by McKay, S.E., Kluitenberg, G.J., Butler, J.J., Jr., Zhan X., Aufman, M.S., and Brauchler, R.
Eos Trans. AGU, v. 85, no. 47, Fall Meet. Suppl., Abstract H31D-0425, 2004.
Specific yield (Sy--drainable porosity) is an important parameter for numerous hydrogeologic investigations, but few reliable methods for its in-situ determination exist. Sy is commonly estimated by saturating and draining soil cores, using soil water characteristics in parametric models, or from pumping tests. However, these methods can introduce large uncertainties due to core disturbance, inappropriate models, and the impact of heterogeneity, respectively. At a site in the riparian zone of the Arkansas River in south-central Kansas, the amount and variability of groundwater consumption by phreatophytes is being assessed using water-table fluctuations. Sy is an important control on the magnitude of these fluctuations, so estimates of its value and its variability in time and space are needed. An in-situ method based on soil-moisture and water-level changes (Skaggs et al., 1978) was used for this purpose because it can provide information at the scale appropriate for such an investigation. Neutron access tubes (0-1.82 m in depth) were installed at four locations in the riparian zone to periodically gather soil moisture information. Water level data in the shallow alluvial aquifer were collected every 15 minutes in six wells using pressure transducers calibrated with manual measurements. The method of Skaggs et al. assumes that conditions in the unsaturated zone are at equilibrium, i.e. soil moisture changes are only a product of the rise or fall of the water table. One period for which this assumption appears reasonable was in September and October of 2003 when the water table dropped more than 0.61 m in four weeks. The Sy estimates for this period displayed relatively little variability between sites (0.19-0.21). Total porosity for the depth intervals through which the water table fell varied from 0.28-0.36, so the Sy estimates appear reasonable. Sy estimates from a pumping test, however, displayed much greater variability (0.15-0.31), which is most likely a product of heterogeneity in hydraulic conductivity. Results from a deeper set of neutron access tubes (0-3.05 m in depth) installed in the summer of 2004 will also be presented.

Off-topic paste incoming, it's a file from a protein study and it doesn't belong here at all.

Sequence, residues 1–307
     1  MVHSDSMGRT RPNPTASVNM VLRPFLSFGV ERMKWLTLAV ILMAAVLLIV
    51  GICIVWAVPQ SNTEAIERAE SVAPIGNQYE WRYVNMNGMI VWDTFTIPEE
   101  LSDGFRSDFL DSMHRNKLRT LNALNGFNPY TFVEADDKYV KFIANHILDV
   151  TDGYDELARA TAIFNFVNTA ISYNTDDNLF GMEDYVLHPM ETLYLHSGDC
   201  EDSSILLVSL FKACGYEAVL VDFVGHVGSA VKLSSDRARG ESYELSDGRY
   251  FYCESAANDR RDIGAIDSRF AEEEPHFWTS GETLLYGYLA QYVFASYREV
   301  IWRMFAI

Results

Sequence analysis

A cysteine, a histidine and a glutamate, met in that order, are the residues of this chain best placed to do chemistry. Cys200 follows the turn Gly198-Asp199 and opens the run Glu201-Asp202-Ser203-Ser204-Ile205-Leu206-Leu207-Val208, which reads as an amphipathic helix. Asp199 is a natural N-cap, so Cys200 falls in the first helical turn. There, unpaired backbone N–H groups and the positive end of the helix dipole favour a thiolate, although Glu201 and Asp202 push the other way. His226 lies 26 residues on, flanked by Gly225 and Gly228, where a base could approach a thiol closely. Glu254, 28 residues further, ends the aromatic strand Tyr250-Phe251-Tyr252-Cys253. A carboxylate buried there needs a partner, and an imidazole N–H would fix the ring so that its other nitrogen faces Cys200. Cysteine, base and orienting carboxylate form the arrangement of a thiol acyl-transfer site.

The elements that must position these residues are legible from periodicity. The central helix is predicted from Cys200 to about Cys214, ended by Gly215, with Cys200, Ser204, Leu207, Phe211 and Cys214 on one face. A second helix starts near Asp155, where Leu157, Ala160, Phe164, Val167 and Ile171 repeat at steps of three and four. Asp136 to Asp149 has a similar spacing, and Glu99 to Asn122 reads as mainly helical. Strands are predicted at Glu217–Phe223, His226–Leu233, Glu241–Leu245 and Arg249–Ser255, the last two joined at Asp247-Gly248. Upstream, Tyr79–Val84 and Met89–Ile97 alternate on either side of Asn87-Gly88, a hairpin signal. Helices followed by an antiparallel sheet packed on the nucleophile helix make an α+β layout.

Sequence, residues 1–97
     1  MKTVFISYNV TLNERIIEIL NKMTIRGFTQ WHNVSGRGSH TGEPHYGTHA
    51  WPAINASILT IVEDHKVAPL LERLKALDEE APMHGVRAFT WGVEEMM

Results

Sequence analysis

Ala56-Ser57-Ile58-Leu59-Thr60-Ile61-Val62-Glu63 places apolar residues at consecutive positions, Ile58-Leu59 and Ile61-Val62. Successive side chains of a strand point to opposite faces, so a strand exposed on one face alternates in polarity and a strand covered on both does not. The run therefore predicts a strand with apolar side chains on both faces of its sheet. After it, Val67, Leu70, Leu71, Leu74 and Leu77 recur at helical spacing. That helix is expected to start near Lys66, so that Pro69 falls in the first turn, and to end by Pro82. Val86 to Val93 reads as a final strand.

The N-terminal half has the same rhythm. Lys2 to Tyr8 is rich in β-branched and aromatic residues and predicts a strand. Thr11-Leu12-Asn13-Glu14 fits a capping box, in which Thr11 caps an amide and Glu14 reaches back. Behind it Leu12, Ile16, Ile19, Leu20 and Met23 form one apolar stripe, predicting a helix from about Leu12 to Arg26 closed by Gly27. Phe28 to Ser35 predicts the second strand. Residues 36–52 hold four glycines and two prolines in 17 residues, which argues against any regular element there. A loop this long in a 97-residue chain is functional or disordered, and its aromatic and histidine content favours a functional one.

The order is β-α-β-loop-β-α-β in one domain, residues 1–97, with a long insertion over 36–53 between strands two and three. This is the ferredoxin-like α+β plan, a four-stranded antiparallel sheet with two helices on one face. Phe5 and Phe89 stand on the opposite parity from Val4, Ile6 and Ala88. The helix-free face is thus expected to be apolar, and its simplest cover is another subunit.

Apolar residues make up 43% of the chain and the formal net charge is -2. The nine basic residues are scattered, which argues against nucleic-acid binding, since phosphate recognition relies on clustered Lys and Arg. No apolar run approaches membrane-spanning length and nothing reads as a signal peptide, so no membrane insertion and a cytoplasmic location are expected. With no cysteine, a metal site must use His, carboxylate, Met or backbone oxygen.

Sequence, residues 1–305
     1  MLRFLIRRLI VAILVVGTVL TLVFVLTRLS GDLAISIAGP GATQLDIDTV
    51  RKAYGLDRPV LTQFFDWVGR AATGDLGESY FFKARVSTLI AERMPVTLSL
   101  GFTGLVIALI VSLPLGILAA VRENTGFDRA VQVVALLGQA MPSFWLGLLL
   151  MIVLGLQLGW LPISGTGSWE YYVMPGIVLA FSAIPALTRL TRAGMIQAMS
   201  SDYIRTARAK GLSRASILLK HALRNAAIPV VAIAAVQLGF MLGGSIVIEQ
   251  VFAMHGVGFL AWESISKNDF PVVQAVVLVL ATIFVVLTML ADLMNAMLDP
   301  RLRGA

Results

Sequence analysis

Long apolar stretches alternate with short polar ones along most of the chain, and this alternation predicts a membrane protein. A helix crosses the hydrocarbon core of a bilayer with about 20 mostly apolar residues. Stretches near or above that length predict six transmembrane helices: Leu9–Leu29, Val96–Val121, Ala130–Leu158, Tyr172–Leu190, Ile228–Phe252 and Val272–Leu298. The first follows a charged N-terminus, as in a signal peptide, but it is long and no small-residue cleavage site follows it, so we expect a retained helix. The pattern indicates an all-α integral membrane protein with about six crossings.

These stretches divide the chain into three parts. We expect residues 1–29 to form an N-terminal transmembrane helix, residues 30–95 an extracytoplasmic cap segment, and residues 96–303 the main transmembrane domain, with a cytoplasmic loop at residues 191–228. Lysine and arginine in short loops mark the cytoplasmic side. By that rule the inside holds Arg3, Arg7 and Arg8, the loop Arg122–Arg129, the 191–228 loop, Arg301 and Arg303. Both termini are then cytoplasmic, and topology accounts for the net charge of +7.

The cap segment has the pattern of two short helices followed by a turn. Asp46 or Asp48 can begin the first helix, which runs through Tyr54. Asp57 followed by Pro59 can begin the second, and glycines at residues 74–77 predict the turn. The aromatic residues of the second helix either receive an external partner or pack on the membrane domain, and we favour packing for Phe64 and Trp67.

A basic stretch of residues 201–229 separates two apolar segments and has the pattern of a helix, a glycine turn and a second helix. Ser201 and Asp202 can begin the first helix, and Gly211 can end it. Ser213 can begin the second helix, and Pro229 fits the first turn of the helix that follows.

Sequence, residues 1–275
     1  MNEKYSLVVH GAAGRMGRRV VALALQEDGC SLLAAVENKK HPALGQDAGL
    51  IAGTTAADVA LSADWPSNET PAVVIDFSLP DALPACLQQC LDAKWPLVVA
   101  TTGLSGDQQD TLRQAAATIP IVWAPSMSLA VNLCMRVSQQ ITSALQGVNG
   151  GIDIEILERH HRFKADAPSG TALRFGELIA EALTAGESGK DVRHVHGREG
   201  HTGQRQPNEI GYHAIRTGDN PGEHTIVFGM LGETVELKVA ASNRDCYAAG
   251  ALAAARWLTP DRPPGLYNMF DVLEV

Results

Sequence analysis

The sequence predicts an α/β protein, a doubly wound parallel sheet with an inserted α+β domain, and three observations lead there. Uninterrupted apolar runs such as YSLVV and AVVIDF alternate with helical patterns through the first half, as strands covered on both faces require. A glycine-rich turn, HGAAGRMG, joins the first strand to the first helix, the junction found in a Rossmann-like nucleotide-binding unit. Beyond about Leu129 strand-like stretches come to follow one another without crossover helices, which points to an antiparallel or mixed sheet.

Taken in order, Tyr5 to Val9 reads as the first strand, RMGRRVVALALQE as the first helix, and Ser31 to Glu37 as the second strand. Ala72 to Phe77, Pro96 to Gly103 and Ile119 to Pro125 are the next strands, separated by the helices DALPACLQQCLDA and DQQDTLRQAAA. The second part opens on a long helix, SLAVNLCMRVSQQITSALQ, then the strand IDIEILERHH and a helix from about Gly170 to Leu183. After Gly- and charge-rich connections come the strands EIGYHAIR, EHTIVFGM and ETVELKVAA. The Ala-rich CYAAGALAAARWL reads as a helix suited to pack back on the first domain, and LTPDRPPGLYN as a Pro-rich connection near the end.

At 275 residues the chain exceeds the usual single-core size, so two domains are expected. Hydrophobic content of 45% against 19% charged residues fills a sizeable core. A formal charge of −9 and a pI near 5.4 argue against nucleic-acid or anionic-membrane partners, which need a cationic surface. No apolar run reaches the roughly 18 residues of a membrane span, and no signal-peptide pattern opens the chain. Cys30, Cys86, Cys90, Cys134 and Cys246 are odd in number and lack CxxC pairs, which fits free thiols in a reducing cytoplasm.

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Kansas Geological Survey and Kansas State University,
Phreatophyte Research Project
Updated Nov. 18, 2005
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